At a runway show, the beauty looks are often based on a singular idea, which each model—despite race or hair type—is transformed to fit. So this season, it’s been refreshing to see so many designers embracing personality and individuality instead.
This shift is most apparent in the hair—for example, backstage at Alexander Wang there were girls with curly shags, sleek strands, bowl cuts and everything in between. We saw a similar variety of styles at Brother Vellies, where stylists were instructed to make the models look like they did their hair themselves. And natural texture took center stage at Tibi, Prabal Gurung and Opening Ceremony, too.
stood apart from one another on the runways. “It was all about the women. I think there’s a bit more of that now—it’s less about making clones,” he said.
Hanlon credits one collection in particular for inspiring the trend. “When I did Nicolas’ [Ghesquière] first show for Louis Vuitton, there was something quite pivotal that he did in beauty that I think a lot of people are just starting to recognize now. What he did was, he took girls for who they are. So rather than saying, ‘I’m going to celebrate one woman,’ he said, ‘I’m going to celebrate 40 different woman.’ I think it’s great.”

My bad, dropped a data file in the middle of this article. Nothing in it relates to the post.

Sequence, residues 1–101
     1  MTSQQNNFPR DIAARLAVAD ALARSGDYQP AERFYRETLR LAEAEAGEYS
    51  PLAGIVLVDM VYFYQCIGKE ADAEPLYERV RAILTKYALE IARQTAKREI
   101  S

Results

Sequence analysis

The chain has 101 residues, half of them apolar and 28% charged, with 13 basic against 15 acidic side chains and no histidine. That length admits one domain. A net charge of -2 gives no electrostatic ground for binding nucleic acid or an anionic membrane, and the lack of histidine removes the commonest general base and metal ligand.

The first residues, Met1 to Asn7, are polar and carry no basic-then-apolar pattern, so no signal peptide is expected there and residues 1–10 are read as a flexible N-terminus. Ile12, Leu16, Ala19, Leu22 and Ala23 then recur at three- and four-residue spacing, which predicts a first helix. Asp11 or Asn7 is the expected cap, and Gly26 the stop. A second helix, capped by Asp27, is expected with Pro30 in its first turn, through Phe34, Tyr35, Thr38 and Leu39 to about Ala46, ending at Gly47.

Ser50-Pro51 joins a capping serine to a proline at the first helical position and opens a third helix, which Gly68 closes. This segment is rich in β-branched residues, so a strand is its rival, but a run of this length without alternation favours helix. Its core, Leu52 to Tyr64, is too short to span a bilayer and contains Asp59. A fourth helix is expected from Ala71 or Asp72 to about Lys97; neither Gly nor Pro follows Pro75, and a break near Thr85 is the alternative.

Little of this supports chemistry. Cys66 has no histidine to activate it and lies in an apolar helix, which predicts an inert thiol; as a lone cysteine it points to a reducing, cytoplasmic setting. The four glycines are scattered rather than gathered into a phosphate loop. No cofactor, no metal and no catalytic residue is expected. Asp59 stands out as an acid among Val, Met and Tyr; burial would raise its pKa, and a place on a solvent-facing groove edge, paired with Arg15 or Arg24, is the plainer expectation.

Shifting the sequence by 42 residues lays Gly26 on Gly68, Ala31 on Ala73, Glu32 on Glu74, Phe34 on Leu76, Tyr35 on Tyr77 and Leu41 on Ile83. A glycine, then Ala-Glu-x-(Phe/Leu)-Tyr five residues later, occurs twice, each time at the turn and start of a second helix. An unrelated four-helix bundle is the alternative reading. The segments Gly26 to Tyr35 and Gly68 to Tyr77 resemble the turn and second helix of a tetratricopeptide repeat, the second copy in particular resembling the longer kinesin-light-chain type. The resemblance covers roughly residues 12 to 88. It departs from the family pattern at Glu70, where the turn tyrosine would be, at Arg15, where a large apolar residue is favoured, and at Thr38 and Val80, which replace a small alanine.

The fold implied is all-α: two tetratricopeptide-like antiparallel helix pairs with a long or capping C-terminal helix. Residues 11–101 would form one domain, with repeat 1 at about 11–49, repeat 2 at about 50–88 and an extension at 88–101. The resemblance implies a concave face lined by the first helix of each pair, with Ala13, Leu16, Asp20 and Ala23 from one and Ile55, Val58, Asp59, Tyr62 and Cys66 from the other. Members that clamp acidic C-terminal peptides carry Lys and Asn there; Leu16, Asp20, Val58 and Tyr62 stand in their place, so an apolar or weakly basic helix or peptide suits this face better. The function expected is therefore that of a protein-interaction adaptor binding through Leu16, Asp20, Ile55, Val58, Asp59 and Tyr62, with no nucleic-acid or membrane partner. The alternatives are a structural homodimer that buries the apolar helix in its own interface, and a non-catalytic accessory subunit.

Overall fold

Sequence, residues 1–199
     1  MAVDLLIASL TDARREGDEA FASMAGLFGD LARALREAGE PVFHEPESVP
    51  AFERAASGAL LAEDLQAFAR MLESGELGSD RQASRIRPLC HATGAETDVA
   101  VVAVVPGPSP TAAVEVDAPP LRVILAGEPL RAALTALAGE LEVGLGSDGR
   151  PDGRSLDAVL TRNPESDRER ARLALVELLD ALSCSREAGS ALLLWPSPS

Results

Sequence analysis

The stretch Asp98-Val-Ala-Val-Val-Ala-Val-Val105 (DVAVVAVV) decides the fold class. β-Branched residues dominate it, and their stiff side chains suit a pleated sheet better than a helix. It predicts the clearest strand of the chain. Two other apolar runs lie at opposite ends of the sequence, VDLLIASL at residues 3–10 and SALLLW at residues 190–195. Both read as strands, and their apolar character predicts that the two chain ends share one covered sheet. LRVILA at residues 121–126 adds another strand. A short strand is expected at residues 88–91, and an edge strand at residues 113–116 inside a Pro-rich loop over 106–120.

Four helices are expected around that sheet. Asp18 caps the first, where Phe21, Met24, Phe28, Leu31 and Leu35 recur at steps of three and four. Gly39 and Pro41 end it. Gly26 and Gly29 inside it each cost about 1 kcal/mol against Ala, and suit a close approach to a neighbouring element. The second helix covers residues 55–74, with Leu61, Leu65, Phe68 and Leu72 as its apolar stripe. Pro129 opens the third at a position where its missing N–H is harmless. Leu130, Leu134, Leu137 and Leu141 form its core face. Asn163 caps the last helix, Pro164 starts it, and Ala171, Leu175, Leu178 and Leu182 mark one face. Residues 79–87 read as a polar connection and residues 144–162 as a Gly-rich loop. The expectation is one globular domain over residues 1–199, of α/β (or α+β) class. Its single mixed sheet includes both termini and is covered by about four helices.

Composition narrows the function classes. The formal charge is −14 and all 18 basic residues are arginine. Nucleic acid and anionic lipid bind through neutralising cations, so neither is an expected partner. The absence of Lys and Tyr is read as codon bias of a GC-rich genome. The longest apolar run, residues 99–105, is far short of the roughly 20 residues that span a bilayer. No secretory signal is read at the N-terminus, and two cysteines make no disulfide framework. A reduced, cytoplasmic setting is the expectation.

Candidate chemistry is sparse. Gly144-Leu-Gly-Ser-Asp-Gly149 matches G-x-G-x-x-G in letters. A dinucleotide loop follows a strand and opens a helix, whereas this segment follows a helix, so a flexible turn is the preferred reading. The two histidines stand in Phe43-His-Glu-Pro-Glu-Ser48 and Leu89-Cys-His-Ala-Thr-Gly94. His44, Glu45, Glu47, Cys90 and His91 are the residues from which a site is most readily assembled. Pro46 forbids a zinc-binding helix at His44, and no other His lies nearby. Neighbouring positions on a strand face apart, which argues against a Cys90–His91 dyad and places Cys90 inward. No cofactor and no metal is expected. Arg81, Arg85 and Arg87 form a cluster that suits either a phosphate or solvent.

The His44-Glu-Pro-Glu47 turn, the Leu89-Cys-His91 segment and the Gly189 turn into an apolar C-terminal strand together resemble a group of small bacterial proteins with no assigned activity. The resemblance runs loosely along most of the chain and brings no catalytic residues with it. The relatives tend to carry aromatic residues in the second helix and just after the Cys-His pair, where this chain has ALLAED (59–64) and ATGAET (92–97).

The spring 2016 New York Fashion Week saw some braids (Mara Hoffman); a lot of natural texture (Alexander Wang); a bit of sleek, smooth hair (Hugo Boss); and a few great ponytails. But the mane look that really took over the season was something refreshingly new and different: knots.
Hairstylist James Pecis was behind many of them — from Creatures of the Wind to Ryan Roche. We caught up with him about the trend backstage at J. Mendel, where he was leading the team for Beauty.com using PHYTO.
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“I’ve done a lot of tying the hair. I braid so much and I got bored of braiding, so we’re trying to do a looser, easier version of that,” said Pecis. Other shows like Lela Rose, Nicholas K and Edun also featured versions of hair tying. “Especially for New York you want that ease for everything, and what’s easier than like, ‘I just do not give a fuck, I’m going to tie my hair in a knot,’ you know?”
Though the runways are still far from being truly diverse, it’s certainly a step in a promising direction.